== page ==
technology. Projects typically involve either:
Faculty-sponsored undergraduate research.
Self-study of a CS topic not offered/available through the Xavier CS
curriculum. Examples of this include continued (or
graduate-level) study of a topic already studied
(e.g. concurrency), or first exposure to a topic not yet seen
(e.g. parallel algorithms, graphics, distributed computing).
An implementation exercise is neither a necessary nor is it a
sufficient condition for defining a satisfactory senior
Examples of worthwhile projects are:
Theory oriented project: Working with a "Computing
Surveys" (or other scholarly journal) article on a topic
of interest; one possibly tied into a seminar presentation
topic. After mastering the article, and the appropriate
background material, one could work out the proofs "left
as an exercise to the reader," offer alternative proofs
to some of those in the paper, or extend the work by applying
the principles in a new way. Projects based on this approach
have the advantage in that they are sufficiently rigorous,
highly focused (i.e. easily tractable within the constraints
of a single semester), and very interesting.
Implementation-oriented project: Extension of the OS, Parallel
Computing, Compilers, or Advanced Algorithms projects.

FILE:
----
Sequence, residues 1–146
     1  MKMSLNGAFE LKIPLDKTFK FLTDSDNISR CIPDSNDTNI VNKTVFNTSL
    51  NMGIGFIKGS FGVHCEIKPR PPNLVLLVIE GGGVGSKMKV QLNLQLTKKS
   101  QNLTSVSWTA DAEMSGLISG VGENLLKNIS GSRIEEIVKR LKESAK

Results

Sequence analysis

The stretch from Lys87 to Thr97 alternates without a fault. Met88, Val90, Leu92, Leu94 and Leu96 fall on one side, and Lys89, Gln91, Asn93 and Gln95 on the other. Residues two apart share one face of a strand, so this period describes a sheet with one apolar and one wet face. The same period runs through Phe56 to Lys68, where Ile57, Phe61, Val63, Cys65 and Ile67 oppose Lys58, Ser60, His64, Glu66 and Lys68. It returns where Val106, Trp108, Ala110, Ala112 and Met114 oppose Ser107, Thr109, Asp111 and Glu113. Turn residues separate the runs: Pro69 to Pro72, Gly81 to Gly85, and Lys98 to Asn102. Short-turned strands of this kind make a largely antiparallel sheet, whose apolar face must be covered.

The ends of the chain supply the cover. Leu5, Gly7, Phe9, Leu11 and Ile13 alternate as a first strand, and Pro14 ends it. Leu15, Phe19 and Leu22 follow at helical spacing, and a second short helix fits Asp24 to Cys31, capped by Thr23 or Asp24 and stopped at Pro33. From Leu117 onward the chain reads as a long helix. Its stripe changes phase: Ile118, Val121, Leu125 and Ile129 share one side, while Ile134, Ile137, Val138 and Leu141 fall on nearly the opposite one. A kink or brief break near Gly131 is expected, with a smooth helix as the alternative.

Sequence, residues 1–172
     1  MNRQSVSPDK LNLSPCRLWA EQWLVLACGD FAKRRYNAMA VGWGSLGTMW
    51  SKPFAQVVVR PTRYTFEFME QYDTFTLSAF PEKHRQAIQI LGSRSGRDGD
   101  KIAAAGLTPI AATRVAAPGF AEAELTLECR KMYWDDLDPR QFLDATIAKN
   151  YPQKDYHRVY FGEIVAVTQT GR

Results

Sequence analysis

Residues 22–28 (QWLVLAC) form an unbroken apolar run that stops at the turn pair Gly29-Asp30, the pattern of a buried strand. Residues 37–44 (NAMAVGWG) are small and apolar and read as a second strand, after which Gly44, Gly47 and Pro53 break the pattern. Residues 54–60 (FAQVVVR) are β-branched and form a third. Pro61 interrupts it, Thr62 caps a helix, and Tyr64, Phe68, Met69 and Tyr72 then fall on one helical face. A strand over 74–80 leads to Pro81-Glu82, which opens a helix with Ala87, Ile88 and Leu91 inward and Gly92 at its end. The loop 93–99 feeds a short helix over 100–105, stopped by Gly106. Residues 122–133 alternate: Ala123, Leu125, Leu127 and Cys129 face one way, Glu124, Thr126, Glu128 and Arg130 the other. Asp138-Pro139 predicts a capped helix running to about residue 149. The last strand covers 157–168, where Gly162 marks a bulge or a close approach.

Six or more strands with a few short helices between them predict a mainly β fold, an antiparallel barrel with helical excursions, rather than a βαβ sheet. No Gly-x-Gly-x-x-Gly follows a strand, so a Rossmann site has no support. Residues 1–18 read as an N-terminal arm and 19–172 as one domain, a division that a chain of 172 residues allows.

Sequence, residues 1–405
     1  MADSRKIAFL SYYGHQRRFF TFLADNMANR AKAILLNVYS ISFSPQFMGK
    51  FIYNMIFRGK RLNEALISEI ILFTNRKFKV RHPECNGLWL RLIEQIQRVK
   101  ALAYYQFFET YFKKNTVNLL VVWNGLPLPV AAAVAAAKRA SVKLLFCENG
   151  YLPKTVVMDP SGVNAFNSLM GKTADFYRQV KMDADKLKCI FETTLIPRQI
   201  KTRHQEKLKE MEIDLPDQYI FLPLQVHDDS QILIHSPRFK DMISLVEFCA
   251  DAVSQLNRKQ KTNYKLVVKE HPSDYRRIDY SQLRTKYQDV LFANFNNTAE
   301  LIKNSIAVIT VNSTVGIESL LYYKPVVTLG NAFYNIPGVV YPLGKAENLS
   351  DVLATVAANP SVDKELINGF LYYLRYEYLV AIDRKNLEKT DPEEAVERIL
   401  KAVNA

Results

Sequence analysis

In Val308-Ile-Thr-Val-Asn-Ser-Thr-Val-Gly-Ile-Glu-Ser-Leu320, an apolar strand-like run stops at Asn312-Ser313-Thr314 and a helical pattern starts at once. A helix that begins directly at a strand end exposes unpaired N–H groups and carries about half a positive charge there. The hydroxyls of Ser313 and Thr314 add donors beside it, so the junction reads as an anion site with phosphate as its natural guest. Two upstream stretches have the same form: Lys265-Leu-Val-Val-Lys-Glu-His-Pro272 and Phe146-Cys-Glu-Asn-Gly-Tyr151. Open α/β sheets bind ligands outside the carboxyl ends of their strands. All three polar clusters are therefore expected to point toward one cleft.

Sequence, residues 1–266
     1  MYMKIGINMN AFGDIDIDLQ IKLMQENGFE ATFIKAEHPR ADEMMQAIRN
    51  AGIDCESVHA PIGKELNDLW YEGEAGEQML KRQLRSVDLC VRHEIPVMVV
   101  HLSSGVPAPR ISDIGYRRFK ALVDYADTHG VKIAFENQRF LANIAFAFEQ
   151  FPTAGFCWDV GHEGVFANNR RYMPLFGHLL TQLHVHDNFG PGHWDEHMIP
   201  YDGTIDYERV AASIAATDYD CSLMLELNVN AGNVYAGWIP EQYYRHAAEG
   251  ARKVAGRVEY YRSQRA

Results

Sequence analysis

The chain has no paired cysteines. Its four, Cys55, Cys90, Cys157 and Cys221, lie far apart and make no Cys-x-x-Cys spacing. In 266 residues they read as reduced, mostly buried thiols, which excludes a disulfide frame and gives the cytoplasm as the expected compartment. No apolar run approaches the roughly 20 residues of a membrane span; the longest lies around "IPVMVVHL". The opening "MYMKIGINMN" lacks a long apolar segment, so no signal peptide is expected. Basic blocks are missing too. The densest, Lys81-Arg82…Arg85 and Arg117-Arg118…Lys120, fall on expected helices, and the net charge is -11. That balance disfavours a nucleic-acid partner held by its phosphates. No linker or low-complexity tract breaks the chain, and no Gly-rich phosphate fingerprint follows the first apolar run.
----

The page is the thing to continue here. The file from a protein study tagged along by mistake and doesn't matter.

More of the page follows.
project typically involves the learning of new material, whose
mastery is reflected in the implementation. Implementation
projects need to be well thought out so that they are
tractable within the constraints of a single
semester. Frequently students select implementation-based
projects that contain sufficient academic rigor, but are
overly ambitious to be completed in one semester.
Hybrid or other: These projects do not involve a major
implementation exercise, nor the proving of lots of
theorems. An example could be the studying of database design
and optimization techniques. Theoretical material would be
studied, the mastery of which would be reflected in an
optimized design for a real (or imaginary) database
Students must submit a short project proposal and projected completion
time line signed by their faculty guide/mentor no later than
Friday, January 20, 2012. If you miss this deadline, then you
fail the course.
In addition to the weekly seminar, students are expected to meet
regularly with their faculty guide. Students are expected to
keep a project log and to complete satisfactory progress on a
regular basis. Furthermore, each student will briefly (2 minutes
or so) discuss at the seminar session their progress on their
Finally, at the end of the semester, each student will make a public
presentation (approx. 20-30 minutes) of their senior project and
submit a writeup of their work. What constitutes an appropriate
writeup is to be negotiated between the student and their
Your grade for the course will be based on your participation in
the seminar discussions, the quality of your preparations for
the seminar discussion you will lead, the quality of your weekly
mentor interactions, the final public presentation, and your
work on your project.
Rubric for Senior Project grading.
The CS faculty as a whole will be assigning the final grades.
The faculty have very high expectations for success from all of the
seniors. Nevertheless a grade of "A" will be reserved only for
those whose work/performance is deemed exceptional in all areas
of the course. A "B" grade will represent good work, while a
"C" grade will be assigned to those whose work is judged to be
satisfactory. Any student whose work/performance is judged to
be less than satisfactory will receive the failing grade,